How can we upgrade our cities so that they function during such adverse conditions? Where should we invest in infrastructure to get the best return? Answers may lie in the design of another crucial system: the Internet.
The internet was built to be resilient -- it was engineered to keep functioning even if part of the network went down. The designers of ARPANET, the precursor of the modern internet, chose a distributed system with no central node for their network. They found ways to route information in multiple paths from origin to destination to avoid a single-point of-failure fault. This is one reason why the Web is so robust today, even when it is attacked by hackers or its physical elements by natural disasters, information can be re-routed around the fault to reach its recipients.
Unlike the internet, our power grid is architected such that if any fault takes place along a line, all customers on that line lose power. Steven Johnson calls these "Legrand Star" networks in his new book, Future Perfect, after the central-node railway system in France. It turns out that our power grid is even more fault-prone than a central-node network. In 2003, 45 million Americans lost power due to a sudden blackout. In that disaster, the entire Eastern half of the US lost power when just one utility plant in Ohio went offline. What would happen if hackers tried to take down the system at multiple points?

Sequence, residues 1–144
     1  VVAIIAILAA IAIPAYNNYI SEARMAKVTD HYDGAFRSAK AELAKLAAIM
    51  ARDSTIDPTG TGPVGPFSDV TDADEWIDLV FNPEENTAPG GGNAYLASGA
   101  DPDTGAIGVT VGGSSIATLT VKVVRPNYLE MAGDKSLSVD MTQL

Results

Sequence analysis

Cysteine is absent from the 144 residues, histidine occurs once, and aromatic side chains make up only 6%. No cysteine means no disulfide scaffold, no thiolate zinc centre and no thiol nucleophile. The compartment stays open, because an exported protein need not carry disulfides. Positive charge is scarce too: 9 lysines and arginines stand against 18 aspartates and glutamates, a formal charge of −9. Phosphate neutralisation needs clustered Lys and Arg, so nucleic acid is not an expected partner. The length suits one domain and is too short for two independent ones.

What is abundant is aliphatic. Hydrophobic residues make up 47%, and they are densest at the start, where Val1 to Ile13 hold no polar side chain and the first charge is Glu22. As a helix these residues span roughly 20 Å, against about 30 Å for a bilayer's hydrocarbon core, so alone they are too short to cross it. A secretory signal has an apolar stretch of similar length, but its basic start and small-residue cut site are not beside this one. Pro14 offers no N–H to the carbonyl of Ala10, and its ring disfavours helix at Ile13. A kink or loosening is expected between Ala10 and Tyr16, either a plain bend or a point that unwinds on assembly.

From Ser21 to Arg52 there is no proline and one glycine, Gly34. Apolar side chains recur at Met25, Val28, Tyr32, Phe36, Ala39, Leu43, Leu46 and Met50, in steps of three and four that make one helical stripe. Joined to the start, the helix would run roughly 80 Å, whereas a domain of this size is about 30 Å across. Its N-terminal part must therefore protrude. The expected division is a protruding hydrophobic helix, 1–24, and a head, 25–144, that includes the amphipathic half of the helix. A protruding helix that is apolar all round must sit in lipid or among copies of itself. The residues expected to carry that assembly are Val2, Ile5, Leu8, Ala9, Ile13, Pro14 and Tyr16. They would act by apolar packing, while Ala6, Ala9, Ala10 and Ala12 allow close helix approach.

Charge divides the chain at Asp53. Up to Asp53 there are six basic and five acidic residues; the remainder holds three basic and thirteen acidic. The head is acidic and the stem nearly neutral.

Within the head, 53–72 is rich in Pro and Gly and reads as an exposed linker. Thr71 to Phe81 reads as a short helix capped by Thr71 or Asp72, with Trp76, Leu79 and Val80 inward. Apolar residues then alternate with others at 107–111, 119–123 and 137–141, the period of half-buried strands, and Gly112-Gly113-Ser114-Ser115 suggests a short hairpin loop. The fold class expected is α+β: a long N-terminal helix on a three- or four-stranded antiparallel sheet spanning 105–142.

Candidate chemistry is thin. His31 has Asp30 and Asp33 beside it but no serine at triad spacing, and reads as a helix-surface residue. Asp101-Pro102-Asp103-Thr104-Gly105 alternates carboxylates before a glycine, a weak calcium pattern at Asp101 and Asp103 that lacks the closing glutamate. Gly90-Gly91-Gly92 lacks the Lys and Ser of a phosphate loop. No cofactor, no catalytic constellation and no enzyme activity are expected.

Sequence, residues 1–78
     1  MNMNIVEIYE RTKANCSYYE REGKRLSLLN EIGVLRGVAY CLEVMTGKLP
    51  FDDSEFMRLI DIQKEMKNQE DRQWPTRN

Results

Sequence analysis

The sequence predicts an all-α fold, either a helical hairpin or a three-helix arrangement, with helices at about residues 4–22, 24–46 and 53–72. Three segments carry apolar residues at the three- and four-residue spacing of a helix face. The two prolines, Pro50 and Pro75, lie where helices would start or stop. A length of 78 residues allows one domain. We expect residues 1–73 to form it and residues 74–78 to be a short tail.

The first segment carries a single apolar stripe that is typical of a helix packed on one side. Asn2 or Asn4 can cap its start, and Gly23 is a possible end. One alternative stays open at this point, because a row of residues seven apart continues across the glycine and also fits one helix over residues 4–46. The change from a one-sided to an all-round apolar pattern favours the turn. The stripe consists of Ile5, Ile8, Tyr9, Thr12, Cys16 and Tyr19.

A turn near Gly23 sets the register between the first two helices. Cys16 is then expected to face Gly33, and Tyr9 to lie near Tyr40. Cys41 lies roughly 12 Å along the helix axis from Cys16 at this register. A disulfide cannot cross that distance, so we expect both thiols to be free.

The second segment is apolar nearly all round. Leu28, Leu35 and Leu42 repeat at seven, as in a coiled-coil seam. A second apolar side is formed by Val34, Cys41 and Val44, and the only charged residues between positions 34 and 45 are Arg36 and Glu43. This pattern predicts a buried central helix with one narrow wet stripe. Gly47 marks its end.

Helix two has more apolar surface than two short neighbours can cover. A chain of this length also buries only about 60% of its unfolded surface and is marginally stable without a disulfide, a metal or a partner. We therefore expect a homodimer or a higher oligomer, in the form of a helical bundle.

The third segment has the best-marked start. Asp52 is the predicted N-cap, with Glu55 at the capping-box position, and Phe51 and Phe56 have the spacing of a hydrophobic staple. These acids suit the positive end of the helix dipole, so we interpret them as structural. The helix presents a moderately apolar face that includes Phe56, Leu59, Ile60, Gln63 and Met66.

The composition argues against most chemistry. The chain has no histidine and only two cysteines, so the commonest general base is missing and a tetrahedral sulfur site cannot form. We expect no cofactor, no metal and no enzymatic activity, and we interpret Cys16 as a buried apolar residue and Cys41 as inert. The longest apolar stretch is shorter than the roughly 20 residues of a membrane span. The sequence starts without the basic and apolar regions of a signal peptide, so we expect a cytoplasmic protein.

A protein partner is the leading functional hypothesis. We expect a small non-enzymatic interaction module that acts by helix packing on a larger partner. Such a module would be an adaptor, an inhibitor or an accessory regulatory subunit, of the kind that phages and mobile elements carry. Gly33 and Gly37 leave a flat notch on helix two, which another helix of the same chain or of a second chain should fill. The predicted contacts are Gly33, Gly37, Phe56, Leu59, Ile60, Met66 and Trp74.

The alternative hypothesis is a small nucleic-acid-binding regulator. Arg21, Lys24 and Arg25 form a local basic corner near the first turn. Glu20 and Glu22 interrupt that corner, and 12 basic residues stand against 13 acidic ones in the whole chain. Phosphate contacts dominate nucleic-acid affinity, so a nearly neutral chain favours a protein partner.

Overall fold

And yet, we learned little from that catastrophe and did seemingly nothing about it. Our grid is the very definition of the fragile system that Nassim Taleb warns against in his new book, Anti-fragile. Taleb urges us to redesign systems to learn from failure points and get stronger.
Our grid today is just as fragile as it was in the blackout of 2003 -- maybe even more so. The grid that serves lower Manhattan was the first utility network in the country, built by Thomas Edison in the 1890s. It's time to upgrade the infrastructure in NYC and across the US. Here are specific steps we can take to increase the reliability and resiliency of our electric grid: Click here to continue reading my CNN/Fortune article Sandy Meltdown